Climate Change: Why China Matters
Climate change: why China matters
As the economy grows apace in China, so does pollution and it looks set to be a global problem. Ahead of the December UN Climate Change Conference in Bali a delegation from the Parliament's Temporary Committee on Climate Change, led by Chairman Guido Sacconi, visited Beijing to meet with key officials, politicians and experts.
The delegation concluded that China is politically committed to fighting climate change, but not yet ready to accept quantitative targets.
"As a fast growing economy China is also rapidly becoming one of the biggest polluters," said Mr Sacconi. "Establishing a new international climate change regime after the expiry of the Kyoto Protocol in 2012 will only be possible if countries like China or India which do not have emission reduction commitments under the current Kyoto Protocol are part of such an agreement."
Why China matters
In 1990 China's CO2 emissions were around 50% of US (the biggest producer) levels. Now China lies just behind the US and is expected to overtake it as the largest emitter of greenhouse gases. With a booming economy and 1.3 billion people, China is the world's largest consumer of coal and oil consumption has doubled in the last 20 years. However, as a developing country it is not required to cut emissions under the 2002 Kyoto Protocol.
"China is strongly committed in the fight against climate change and to engage in the area of emissions reductions, energy-saving, and energy-efficiency. At the same time, it acknowledges the importance of cooperating with industrialised countries on technology and technology transfer, as well as the need for financial assistance in this field. These are certainly extremely positive messages," said Mr Sacconi.
However, he added, "One critical issue remains: the fact that, at this stage, China still considers that the current structure of the Kyoto Protocol should be maintained and developing countries, including emerging economies, should have no quantitative commitments."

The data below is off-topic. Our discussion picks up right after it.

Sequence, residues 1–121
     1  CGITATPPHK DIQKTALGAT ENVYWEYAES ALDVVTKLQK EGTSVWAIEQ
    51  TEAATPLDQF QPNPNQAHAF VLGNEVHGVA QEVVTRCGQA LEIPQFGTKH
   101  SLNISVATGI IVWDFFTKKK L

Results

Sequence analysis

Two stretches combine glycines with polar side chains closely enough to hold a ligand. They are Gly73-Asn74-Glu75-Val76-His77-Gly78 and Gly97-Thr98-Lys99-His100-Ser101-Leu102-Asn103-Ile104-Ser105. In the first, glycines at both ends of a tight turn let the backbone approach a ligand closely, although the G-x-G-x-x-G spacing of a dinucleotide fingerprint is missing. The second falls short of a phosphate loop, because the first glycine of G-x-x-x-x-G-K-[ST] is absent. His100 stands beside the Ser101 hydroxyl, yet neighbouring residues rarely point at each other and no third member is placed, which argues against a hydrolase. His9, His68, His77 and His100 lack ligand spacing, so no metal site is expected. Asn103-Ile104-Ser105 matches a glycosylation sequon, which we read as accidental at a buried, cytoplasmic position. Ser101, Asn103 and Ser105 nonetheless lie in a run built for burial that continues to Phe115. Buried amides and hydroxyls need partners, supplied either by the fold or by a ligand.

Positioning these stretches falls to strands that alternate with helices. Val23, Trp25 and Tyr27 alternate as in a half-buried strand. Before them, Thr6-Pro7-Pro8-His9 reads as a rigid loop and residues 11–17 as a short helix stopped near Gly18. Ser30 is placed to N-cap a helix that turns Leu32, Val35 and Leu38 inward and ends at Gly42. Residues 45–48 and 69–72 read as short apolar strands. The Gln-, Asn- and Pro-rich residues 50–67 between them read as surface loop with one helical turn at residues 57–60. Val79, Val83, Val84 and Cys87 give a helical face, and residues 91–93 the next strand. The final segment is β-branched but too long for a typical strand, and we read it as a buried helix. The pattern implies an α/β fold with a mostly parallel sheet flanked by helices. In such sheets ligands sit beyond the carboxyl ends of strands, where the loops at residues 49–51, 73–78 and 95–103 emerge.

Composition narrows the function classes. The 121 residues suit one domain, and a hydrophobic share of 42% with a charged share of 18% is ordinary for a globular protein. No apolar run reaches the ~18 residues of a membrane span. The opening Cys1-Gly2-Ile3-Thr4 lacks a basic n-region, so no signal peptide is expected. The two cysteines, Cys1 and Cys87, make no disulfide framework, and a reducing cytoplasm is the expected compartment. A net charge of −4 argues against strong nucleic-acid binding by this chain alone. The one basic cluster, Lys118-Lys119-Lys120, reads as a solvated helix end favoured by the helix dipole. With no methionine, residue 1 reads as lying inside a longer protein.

China's commitment to fight global warming
"China has recently adopted a Climate Change Programme and is strongly committed to improve its energy efficiency. Our visit to Beijing...allowed us to establish personal contacts with government officials, members of the People's National Congress, as well as business and civil society representatives and to better understand the Chinese position towards climate change," Mr Sacconi said.
The draftsman for the Committee, German Christian Democrat Karl-Heinz Florenz said, "From our discussions with representatives from the National People's Congress, from the government and also from civil society, we understood that climate change is one of the political priorities for the Chinese authorities. I have the impression that the Chinese authorities are adopting and implementing legislation to successfully start the fight against climate change."
The recently-adopted Climate Change Programme is very ambitious with targets to cut energy consumption 20% and increase the share of renewables to 10% of energy supplies by 2010. "Of course the challenge now lies with its implementation, which will have to be closely monitored", Mr Florenz said.
Chinese position towards post-Kyoto climate protection?
"We were happy to learn that for China, like the EU, the UN Climate Change Convention is the only appropriate forum for the international negotiations on climate change. The Chinese authorities also share the EU view that the negotiations for such a new agreement should be concluded by 2009 at the latest, thus avoiding any gap between the current commitment period under the Kyoto Protocol and the future international framework", Mr Florenz added.
Stressing the need to build partnerships and involve new world powers like China and India in the fight against climate change, Mr Florenz said: "This is why the EP attaches such importance to environmental foreign policy". Convinced that China will be a close and key partner of the EU in the negotiations for a post-2012 agreement, he added: "It is in our mutual interest to succeed in the fight against climate change".
The visit was the first of a series to non-EU countries meant to develop parliamentary contacts and forge a strong alliance to address climate change issues.
What the EP is doing
Temporary Committee on Climate Change has urged the EU to secure "by 2009 at the latest" an international agreement that includes: binding emissions targets for all industrialised countries, a global "cap and trade" system and instruments for clean technology transfer - to allow developing countries access to environmentally friendly technologies.
MEPs also call on industrialised countries to lead by example and commit themselves to reducing emissions "by at least 30% by 2020 and 60% - 80% by 2050 compared to 1990".